2.) Next up, this post from 2007 features a variety of fairly in-depth scouting reports from a McKeen’s contributor who now works as an amateur scout for the Winnipeg Jets. It’s an amazing glance backwards with the benefit of hindsight, because like Goldman on Bobrovsky, Max Geise gets things completely, spectacularly wrong (and in more than one instance).
For example, he had this to say about PK Subban: He is hesitant to involve himself in traffic and will let a guy walk him to the net before he takes a bruise. Geise named Subban the softest player available in the draft.
There are other interesting bits to be found in the article – for instance, how much "big guys who can skate" get a bump in their perceived value, even if their results aren’t all that impressive (and how frequently those guys don’t seem to work out. *cough*Colton Gillies*cough*). Also, guys with good attitudes who coaches will love get glowing reports, even though five years down the line that hasn’t seemed to ensure they will be worthwhile NHLers.
Perhaps the most amusing section is on US highschool defender Will Weber, who Geise ranked as the 42nd best prospect available. His praise for the player is effusive, to say the least:
Weber is blessed with a tall, well built, strapping 6-4 205 frame. He’s an offensive defenseman that can coast to coast. His mobility is phenomenal for a player of his size as he owns a fluid and powerful stride. Weber doesn’t lack in confidence and his hands are exceptional as he can really dangle around the opposition. For a big man he can stick handle in a phone booth. He displays good creativity while quarterbacking the power play and can stretch the ice with a home run out let pass.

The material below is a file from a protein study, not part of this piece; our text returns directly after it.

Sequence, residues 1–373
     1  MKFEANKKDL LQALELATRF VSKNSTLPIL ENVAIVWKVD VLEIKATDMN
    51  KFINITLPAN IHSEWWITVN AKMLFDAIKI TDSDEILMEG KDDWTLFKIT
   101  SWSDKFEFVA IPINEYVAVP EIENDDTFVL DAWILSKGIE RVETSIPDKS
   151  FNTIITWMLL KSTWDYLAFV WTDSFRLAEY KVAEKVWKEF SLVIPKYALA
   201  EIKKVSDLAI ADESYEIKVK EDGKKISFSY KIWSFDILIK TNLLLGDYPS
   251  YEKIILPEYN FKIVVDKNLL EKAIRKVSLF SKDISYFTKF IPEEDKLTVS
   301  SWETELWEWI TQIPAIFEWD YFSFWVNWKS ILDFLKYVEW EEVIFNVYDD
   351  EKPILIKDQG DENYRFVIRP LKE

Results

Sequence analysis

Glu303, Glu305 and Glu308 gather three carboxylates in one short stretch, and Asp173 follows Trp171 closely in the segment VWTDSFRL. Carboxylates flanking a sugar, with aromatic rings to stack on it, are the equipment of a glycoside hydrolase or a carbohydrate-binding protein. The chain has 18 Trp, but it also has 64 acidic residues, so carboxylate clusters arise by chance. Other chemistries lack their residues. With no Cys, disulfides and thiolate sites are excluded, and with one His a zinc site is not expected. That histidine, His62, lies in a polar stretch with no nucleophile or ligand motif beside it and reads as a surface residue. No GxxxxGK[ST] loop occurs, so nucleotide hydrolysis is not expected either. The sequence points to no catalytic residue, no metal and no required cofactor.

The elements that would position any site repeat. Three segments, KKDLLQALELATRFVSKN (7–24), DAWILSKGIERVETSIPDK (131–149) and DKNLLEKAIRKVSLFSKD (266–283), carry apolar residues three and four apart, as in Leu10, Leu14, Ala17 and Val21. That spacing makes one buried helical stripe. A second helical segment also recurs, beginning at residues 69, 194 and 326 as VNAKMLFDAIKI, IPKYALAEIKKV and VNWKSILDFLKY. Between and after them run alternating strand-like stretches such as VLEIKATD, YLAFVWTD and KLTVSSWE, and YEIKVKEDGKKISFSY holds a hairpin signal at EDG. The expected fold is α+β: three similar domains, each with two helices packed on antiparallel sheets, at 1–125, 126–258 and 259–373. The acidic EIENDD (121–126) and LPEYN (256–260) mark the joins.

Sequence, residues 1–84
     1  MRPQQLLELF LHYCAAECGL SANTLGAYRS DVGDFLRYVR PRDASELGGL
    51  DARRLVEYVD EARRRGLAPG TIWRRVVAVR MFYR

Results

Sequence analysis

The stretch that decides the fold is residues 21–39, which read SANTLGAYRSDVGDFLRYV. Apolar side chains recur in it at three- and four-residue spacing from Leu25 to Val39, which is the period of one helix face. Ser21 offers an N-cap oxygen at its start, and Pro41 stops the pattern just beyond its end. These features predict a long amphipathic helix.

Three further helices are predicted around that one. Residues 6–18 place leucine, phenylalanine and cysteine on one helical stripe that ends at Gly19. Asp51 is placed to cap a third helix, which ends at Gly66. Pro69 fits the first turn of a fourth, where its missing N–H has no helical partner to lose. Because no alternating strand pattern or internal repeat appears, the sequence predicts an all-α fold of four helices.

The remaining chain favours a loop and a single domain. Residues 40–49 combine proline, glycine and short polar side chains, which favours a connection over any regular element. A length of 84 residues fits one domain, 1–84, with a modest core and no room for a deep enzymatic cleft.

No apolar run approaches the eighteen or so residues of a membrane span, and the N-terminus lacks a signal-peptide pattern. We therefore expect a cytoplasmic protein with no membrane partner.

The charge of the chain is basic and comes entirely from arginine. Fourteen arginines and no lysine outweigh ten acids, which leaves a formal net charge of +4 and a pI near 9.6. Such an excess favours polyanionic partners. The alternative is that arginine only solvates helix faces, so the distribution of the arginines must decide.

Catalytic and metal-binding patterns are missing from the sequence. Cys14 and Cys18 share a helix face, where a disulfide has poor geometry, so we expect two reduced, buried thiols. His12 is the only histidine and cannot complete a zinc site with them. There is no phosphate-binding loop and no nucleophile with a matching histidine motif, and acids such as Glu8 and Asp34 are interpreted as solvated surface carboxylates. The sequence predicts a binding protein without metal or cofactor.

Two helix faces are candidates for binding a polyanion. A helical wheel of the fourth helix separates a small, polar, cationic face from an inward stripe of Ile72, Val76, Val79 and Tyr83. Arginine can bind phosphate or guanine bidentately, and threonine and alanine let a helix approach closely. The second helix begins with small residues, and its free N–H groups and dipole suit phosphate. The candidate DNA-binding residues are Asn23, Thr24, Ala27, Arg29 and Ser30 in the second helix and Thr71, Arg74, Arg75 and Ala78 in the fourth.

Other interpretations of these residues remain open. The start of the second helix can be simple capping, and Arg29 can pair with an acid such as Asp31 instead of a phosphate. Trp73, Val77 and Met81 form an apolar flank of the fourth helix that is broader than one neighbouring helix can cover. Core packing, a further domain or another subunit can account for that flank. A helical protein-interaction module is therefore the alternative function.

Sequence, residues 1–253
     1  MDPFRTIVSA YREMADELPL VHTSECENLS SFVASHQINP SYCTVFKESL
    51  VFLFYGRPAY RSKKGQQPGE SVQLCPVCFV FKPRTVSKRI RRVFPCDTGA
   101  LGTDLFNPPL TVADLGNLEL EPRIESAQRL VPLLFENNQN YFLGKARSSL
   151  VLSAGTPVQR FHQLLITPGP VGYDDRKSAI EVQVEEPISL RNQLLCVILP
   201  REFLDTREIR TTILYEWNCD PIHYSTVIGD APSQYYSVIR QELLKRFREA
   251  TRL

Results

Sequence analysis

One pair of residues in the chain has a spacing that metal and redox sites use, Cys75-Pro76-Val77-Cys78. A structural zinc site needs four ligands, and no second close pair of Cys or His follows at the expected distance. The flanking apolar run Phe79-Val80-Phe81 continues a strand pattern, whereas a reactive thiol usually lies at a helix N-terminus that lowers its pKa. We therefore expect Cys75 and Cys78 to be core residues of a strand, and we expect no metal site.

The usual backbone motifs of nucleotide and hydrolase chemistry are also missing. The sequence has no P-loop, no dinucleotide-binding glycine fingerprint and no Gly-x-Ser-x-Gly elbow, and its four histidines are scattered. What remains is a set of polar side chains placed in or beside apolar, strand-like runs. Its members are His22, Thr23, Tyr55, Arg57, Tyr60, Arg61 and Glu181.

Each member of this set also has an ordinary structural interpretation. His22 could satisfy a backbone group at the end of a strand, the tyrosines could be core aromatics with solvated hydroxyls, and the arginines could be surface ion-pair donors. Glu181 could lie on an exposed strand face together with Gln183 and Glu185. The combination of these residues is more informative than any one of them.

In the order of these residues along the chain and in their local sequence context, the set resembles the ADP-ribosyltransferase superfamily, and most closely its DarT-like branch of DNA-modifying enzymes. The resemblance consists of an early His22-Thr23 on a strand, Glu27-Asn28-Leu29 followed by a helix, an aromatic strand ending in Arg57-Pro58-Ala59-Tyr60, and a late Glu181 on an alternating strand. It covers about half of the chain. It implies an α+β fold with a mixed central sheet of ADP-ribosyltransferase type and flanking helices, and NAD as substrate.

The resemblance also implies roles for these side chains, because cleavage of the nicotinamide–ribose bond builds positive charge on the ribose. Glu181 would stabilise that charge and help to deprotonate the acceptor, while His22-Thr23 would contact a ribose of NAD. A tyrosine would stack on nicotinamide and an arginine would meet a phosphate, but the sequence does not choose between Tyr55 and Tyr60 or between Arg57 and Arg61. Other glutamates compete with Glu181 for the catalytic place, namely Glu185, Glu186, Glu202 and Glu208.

His shot is heavy and quickly released as he does a great job getting it through. He owns a bone rattling slap shot but it’s his deadly wrist shot that is especially good as he can pick corners with it or generate rebounds. Defensively he’s a wild horse and is very raw. He’ll need to refine his defensive positioning but he’s naturally mean and does a good job standing up his man at the blue line with a stiff check. Definitely one of the best pure athletes in the draft at any position…
If you haven’t heard of Will Weber, well, there’s a reason. He was picked by the Blue Jackets in the second round of the draft that year and went on to have a completely unremarkable career in the USHL and college levels. In fact, despite talks about his heavy shot and offensive acumen, Weber scored just 5 goals in four seasons for Miami University. His single season best output was 11 points in 33 games as a 23-year old.
Weber currently has 5 points in 60 career AHL games and at 25 years old is probably nowhere near being an NHLer. I don’t know how Geise so completely misread the player in this instance – perhaps he saw a few good games where Weber dominated, perhaps he didn’t properly account for the low level of competition in the highschool league the kid was playing – but whatever it was, he was completely snookered.
The aim here isn’t to pick on Geise necessarily – he actually gets a few things right in his article, including his scouting report of Mikael Backlund which is quite accurate. It’s just that predicting the future of 17 year old hockey players is a complicated bit of business and sometimes your eyes (as well as the assumptions about what makes a good player at the highest levels) can lie to you.
So when you’re flipping through your draft guides, be sure to spike your curiosity with some skepticism on both the numbers and non-numbers side of things. The draft is far from a science at this point and much of the work surrounding it is closer to mysticism and alchemy than anything else.